Published March 28, 2012
Depending on your personality, your morning cup of Joe may be counterproductive. Though the caffeine will certainly wake you up, it may also dampen your desire to work hard, rather than spur you to action.
The study, published online today in the journal Neuropsychopharmacology, found that “worker” rats, those that naturally wanted to work harder for greater rewards, were more likely to avoid hard work when given amphetamine or caffeine. Only “slacker” rats, those that don’t rise to challenges and aim for small rewards, were motivated by the stimulants.
Researchers from the University of British Columbia set out to examine what motivates people to put out either a lot of effort or a little.
“The degree of effort that we are willing to expend for a goal has far-reaching consequences for our economic and personal success,” the researchers wrote.
For example, if you’re deciding whether to simply punch the clock at work or to go the extra mile, you weigh the cost of the effort with the potential reward.
The study found that rats fell into two groups: “worker” rats and “slackers,” based on how often they gravitated to high-effort, high-reward activities versus low-effort, low –reward activities. Humans, too, can fall into these groups, and certain health conditions cause a lack of motivation, including depression and ADHD.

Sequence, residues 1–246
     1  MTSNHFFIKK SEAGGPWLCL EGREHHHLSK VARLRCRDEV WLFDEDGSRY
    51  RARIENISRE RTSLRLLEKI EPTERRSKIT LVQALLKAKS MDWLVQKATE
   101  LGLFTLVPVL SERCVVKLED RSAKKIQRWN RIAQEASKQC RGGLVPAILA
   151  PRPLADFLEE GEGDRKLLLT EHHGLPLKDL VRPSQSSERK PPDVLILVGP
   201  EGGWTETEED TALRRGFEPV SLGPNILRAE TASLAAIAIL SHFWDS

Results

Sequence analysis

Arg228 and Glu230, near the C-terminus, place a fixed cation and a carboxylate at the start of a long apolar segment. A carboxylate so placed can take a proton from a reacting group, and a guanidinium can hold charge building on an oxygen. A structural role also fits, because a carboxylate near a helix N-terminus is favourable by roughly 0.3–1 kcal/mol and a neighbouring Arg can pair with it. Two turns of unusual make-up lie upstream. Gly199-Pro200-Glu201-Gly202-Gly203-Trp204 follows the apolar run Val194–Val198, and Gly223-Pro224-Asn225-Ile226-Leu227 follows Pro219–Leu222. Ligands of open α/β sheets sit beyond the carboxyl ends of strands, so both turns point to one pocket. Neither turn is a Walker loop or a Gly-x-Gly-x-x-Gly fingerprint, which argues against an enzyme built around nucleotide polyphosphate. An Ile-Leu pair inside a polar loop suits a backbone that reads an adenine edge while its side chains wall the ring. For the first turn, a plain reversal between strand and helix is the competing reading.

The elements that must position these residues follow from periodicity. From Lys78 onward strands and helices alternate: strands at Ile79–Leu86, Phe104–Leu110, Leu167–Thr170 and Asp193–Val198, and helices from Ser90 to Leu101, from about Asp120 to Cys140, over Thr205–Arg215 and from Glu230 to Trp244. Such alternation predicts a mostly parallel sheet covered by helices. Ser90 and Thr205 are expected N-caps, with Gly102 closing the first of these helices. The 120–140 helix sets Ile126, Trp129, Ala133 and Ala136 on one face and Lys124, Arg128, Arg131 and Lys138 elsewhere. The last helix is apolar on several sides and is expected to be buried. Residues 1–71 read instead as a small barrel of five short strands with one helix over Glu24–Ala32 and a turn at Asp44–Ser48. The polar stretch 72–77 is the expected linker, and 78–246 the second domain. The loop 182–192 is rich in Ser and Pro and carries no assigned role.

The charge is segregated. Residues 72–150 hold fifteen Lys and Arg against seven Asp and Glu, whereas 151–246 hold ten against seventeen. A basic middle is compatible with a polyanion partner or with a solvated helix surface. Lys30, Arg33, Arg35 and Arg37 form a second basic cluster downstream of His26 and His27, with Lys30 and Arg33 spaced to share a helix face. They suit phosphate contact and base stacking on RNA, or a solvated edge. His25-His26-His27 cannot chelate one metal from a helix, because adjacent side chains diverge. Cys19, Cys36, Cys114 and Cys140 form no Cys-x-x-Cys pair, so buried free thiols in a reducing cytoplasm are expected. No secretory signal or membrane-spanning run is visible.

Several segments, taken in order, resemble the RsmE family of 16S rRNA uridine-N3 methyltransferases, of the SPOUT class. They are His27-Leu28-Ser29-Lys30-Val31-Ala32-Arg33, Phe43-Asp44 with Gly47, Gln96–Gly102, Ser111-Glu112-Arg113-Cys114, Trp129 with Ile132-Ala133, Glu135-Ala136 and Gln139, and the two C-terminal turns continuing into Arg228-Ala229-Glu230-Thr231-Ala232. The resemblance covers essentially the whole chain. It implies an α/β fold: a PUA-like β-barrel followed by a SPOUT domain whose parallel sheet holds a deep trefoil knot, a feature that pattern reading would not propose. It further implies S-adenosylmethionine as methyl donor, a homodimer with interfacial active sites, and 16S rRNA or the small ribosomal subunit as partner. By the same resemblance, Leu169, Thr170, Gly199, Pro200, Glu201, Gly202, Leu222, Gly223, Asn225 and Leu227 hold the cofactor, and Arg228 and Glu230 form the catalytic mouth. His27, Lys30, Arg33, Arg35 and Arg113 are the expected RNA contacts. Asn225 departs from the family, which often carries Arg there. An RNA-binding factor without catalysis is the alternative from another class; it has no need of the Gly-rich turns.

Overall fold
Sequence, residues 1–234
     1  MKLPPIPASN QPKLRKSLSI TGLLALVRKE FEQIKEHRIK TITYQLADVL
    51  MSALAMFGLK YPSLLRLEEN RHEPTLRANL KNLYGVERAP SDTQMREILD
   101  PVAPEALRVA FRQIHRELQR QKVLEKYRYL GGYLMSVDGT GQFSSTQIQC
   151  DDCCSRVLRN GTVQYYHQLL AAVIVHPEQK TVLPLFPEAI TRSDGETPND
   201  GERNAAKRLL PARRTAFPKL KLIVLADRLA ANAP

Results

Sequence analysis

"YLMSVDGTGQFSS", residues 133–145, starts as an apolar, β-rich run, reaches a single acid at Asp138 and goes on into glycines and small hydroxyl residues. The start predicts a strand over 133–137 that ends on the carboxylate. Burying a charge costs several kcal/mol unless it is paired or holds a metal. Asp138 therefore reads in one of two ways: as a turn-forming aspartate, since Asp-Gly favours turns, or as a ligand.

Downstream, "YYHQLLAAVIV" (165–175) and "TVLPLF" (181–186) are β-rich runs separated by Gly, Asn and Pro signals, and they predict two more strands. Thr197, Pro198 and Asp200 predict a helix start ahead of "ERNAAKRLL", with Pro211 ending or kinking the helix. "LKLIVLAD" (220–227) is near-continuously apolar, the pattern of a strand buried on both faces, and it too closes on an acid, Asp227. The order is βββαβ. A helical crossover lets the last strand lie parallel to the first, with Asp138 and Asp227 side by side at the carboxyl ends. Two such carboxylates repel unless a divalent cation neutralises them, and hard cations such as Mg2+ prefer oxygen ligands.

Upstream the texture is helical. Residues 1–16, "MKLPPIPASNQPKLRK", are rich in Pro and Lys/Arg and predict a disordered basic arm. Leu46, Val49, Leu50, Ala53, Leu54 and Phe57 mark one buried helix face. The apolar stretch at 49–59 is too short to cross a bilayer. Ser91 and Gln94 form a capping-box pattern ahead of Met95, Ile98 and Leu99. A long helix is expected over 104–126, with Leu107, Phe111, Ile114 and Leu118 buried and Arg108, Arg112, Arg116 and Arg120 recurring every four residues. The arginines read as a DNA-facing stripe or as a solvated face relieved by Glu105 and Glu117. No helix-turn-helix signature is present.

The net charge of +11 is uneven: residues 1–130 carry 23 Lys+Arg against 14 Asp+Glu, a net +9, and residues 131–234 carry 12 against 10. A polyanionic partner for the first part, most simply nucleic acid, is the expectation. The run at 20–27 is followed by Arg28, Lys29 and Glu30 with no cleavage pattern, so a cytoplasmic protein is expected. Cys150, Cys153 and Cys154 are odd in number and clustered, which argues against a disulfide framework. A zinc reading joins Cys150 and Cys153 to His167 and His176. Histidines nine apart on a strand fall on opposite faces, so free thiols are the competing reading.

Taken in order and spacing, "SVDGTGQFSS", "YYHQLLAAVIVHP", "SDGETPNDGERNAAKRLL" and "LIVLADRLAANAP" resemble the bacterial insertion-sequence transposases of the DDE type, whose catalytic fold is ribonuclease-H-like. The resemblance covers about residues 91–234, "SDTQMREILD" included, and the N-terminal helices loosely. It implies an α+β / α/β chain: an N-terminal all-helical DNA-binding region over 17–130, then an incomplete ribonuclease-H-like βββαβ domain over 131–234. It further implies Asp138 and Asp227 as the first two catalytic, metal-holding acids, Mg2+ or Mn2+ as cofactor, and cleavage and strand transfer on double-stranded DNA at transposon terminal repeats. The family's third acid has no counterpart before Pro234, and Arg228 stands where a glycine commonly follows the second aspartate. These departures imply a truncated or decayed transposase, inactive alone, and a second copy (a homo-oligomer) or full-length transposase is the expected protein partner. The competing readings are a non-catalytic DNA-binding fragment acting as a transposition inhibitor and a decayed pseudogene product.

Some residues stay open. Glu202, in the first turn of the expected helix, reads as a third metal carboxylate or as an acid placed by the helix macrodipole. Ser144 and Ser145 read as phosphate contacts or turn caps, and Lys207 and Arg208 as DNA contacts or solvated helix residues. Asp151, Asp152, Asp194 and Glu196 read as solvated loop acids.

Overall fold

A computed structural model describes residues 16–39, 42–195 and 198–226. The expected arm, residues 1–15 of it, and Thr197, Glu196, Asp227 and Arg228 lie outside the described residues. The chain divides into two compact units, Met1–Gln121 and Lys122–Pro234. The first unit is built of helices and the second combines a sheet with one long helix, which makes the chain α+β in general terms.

“I think the most important thing to take away from the worker/slacker distinction is that we don't all make decisions in the same way,” said Jay Hosking, lead author of the study and PhD candidate. “Some of us are happy to put in the extra effort in hopes of a promotion, while others may be satisfied to earn their wages and do the bare minimum at work.”
What was perhaps more surprising was that stimulants may have a beneficial effect on “slackers,” and a subduing effect on “workers.” That may mean the people who know they suffer a lack of motivation could benefit from coffee.
The bottom line: If you tend towards low energy, caffeine may boost you into a more goal-oriented category, but if you’re already a hard worker, you may want to cut back on that afternoon cup of coffee.
“I think this is already somewhat understood in everyday life; for some of us, coffee really does the trick for those long hours in the middle of the day, but for other people it makes them too jittery or aroused to concentrate on their work,” Hosking said.
Laurie Tarkan is an award-winning health journalist whose work appears in the New York Times, among other national magazines and websites. She has authored several health books, including "Perfect Hormone Balance for Fertility." Follow her on Twitter and Facebook.